In this report, "Occidental" refers to Occidental Petroleum Corporation (OPC), or OPC and one or more entities in which it owns a controlling interest (subsidiaries). Occidental's principal businesses consist of three segments operated by OPC's subsidiaries and affiliates. The oil and gas segment explores for, develops and produces oil and condensate, NGLs and natural gas. The chemical segment mainly manufactures and markets basic chemicals and vinyls. The midstream, marketing and other segment gathers, treats, processes, transports, stores, purchases and markets oil, condensate, NGLs, natural gas, CO2 and power. It also trades around its assets, including pipelines and storage capacity, and trades oil, NGLs, gas and other commodities.
Occidental aims to maximize total returns to stockholders using the following strategies:
Occidental prefers to seek growth of oil and gas production by holding large, long-lived "legacy" oil and gas assets, like those in California and the Permian Basin, that tend to have enhanced secondary and tertiary recovery opportunities and economies of scale that lead to cost-effective production. Capital is employed to operate segment assets in a safe and environmentally sound manner. Management expects such assets to contribute substantially to earnings and cash flow after invested capital. Management currently believes its growth will be most strongly affected by the success of the development plans for its California prospects, the Permian development program, Oman and the Shah Gas Field development project in Abu Dhabi.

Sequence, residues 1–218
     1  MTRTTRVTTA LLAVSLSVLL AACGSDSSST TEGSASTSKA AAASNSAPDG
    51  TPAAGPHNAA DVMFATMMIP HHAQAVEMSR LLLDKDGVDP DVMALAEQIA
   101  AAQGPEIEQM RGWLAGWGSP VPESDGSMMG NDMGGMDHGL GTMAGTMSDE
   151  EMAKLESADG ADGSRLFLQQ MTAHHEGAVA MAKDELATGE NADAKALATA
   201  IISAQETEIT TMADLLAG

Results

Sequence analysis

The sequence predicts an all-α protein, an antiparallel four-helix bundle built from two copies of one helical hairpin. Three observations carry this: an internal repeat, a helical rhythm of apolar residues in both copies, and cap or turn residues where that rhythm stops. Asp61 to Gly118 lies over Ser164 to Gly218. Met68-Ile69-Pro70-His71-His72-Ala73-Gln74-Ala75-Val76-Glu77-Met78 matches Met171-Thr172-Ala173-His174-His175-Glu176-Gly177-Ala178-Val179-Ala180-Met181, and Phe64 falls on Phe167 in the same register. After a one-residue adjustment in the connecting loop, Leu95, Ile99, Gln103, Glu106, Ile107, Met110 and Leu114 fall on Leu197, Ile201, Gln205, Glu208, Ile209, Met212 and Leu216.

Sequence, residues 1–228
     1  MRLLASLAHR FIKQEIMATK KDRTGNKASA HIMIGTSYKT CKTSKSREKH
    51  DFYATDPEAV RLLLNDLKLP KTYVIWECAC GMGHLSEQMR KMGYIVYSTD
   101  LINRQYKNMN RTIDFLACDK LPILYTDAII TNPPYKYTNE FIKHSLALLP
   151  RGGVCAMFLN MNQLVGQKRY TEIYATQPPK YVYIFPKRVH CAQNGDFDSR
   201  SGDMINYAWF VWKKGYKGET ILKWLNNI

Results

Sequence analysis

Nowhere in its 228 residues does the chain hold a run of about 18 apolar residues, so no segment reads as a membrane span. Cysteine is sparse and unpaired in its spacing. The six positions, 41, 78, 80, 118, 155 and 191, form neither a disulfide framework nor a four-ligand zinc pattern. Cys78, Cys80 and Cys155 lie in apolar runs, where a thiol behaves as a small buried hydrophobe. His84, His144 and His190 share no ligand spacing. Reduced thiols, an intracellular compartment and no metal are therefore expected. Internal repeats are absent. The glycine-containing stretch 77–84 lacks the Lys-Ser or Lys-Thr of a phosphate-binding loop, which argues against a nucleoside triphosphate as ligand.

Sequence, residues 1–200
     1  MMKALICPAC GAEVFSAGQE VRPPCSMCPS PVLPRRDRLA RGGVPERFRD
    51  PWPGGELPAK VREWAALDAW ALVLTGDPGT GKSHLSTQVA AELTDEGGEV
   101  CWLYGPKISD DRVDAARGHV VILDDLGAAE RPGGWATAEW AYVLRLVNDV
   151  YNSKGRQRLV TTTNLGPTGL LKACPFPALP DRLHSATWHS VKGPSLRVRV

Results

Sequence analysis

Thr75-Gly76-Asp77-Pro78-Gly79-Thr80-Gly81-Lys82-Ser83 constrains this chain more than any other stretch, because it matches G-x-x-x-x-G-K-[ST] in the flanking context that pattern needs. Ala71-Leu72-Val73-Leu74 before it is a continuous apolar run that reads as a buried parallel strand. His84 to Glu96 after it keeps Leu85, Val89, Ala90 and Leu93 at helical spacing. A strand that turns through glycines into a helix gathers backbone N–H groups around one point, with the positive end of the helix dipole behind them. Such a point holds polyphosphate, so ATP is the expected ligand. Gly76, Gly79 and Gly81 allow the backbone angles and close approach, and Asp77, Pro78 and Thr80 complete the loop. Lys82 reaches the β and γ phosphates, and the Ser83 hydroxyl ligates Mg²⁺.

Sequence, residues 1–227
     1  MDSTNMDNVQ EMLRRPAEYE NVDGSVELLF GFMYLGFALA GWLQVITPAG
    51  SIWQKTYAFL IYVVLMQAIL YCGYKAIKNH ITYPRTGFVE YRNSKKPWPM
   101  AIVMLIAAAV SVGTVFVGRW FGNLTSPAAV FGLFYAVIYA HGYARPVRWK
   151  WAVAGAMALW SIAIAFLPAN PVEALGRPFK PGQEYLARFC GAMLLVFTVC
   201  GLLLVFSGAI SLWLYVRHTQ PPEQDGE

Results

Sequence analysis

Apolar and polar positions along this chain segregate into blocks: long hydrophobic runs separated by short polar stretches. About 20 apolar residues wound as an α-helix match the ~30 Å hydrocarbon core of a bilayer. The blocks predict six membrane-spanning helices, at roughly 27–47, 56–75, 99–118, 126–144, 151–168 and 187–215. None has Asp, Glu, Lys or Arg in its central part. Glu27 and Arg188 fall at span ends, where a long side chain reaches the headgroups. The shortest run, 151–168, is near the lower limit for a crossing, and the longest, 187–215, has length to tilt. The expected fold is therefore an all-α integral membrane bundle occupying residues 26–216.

The primary objective of the chemical business is to generate cash flow in excess of its normal capital expenditure requirements and achieve above-cost-of-capital returns. Capital is employed to operate the chemical business in a safe and environmentally sound manner, to sustain production capacity and to focus on projects designed to improve the competitiveness of these assets. Acquisitions may be pursued when they are expected to enhance the existing core chlor-alkali and PVC businesses or take advantage of other specific opportunities.
The midstream and marketing segment is also managed to generate returns on capital employed in excess of Occidental's cost of capital. In marketing its own production and third-party purchases, Occidental attempts to maximize realized prices and margins and limit credit risk exposure. In commodities trading, Occidental seeks to generate gains using net-long positions. Capital is employed to operate segment assets in a safe and environmentally sound manner, to sustain or, where appropriate, increase operational capacity and to improve the competitiveness of Occidental's assets.